Condylar resorption after bicortical screw fixation of mandibular advancement

Mance Cutbirth, Joseph E. Van Sickels, W. James Thrash

Research output: Contribution to journalArticlepeer-review

91 Scopus citations


Purpose: This study evaluated long-term condylar resorption after mandibular advancements stabilized with bicortical screws. Patients and Methods: One hundred mandibular deficiency patients who underwent bilateral sagittal split osteotomies (BSSO) fixed with three bicortical screws per side, and who were followed for a minimum of 1 year with complete radiographic records, were evaluated. Preoperative panoramic radiographs were traced and superimposed as a best fit over long-term panoramic radiographs. Cephalometric tracings were available on all patients preoperatively, immediately after surgery, 6 to 8 weeks after surgery, and at long term after surgery. These tracings were used to show the amount of the initial advancement and any changes that occurred between 6 to 8 weeks and long term in those patients who exhibited 10% or greater changes in their condylar height. Preoperative temporomandibular joint signs and symptoms were recorded on all patients before surgery and at 6 months after surgery. Results: There were 10 patients who had 10% or greater vertical change in their condyles; all changes were unilateral. Large advancement (P > .009) and preoperative temporomandibular joint symptoms (P > .01) statistically correlated with long-term postoperative condylar resorption. There was not a direct correlation between the amount of vertical change in the condyle and the amount of relapse. There was an improvement in temporomandibular joint symptoms for the group as a whole and in the group with condylar resorption. Conclusions: Patients with large advancements and preoperative temporomandibular joint symptoms appear to be at risk for condylar resorption. These results are similar to those from other studies in which rigid fixation or miniplates were used for cases of mandibular advancement.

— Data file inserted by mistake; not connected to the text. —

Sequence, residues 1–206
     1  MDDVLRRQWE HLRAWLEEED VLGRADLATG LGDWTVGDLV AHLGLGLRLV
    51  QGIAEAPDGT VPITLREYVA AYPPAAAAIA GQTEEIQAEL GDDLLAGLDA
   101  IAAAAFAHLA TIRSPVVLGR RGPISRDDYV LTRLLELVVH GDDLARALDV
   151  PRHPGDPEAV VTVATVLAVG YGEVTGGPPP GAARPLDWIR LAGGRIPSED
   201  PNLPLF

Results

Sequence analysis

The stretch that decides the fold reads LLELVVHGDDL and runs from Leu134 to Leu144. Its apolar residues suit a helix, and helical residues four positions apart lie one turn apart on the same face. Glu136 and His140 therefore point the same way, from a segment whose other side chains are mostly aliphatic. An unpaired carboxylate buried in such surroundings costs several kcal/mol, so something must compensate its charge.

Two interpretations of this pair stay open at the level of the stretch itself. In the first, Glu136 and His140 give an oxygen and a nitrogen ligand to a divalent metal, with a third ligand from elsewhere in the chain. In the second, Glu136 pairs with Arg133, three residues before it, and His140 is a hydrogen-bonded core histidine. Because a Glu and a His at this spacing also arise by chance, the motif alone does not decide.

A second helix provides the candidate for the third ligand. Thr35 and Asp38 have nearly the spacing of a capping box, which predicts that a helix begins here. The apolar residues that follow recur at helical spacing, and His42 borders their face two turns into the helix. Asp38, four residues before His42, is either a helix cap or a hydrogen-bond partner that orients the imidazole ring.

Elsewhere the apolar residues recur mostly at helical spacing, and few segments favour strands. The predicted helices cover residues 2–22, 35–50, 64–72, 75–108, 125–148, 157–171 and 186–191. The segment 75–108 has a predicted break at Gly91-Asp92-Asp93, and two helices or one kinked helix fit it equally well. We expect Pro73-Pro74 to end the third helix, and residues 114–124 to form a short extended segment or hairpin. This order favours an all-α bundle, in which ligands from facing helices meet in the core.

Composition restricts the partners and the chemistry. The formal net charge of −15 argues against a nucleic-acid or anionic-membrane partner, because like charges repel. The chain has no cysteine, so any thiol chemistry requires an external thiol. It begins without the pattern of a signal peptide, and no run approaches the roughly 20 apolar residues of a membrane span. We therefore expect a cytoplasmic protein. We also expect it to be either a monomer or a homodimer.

Original languageEnglish
Pages (from-to)178-182
Number of pages5
JournalJournal of Oral and Maxillofacial Surgery
Issue number2
StatePublished - Feb 1998

ASJC Scopus subject areas

  • Surgery
  • Oral Surgery
  • Otorhinolaryngology


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